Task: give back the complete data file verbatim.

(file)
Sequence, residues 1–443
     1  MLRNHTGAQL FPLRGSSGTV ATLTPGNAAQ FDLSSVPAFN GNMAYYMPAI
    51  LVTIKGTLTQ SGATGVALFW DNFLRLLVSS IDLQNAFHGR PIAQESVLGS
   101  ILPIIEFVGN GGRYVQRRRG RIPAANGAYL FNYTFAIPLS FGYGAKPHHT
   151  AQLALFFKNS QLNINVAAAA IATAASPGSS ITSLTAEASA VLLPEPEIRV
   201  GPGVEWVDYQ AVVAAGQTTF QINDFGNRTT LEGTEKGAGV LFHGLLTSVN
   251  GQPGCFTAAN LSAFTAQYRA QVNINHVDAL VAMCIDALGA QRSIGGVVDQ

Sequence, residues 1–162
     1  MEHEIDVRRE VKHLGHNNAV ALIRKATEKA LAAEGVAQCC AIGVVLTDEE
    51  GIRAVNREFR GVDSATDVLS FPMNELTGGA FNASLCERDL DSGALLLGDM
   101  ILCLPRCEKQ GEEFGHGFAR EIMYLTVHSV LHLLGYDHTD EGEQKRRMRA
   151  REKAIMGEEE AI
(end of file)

Sequence, residues 1–443
     1  MLRNHTGAQL FPLRGSSGTV ATLTPGNAAQ FDLSSVPAFN GNMAYYMPAI
    51  LVTIKGTLTQ SGATGVALFW DNFLRLLVSS IDLQNAFHGR PIAQESVLGS
   101  ILPIIEFVGN GGRYVQRRRG RIPAANGAYL FNYTFAIPLS FGYGAKPHHT
   151  AQLALFFKNS QLNINVAAAA IATAASPGSS ITSLTAEASA VLLPEPEIRV
   201  GPGVEWVDYQ AVVAAGQTTF QINDFGNRTT LEGTEKGAGV LFHGLLTSVN
   251  GQPGCFTAAN LSAFTAQYRA QVNINHVDAL VAMCIDALGA QRSIGGVVDQ

Sequence, residues 1–162
     1  MEHEIDVRRE VKHLGHNNAV ALIRKATEKA LAAEGVAQCC AIGVVLTDEE
    51  GIRAVNREFR GVDSATDVLS FPMNELTGGA FNASLCERDL DSGALLLGDM
   101  ILCLPRCEKQ GEEFGHGFAR EIMYLTVHSV LHLLGYDHTD EGEQKRRMRA
   151  REKAIMGEEE AI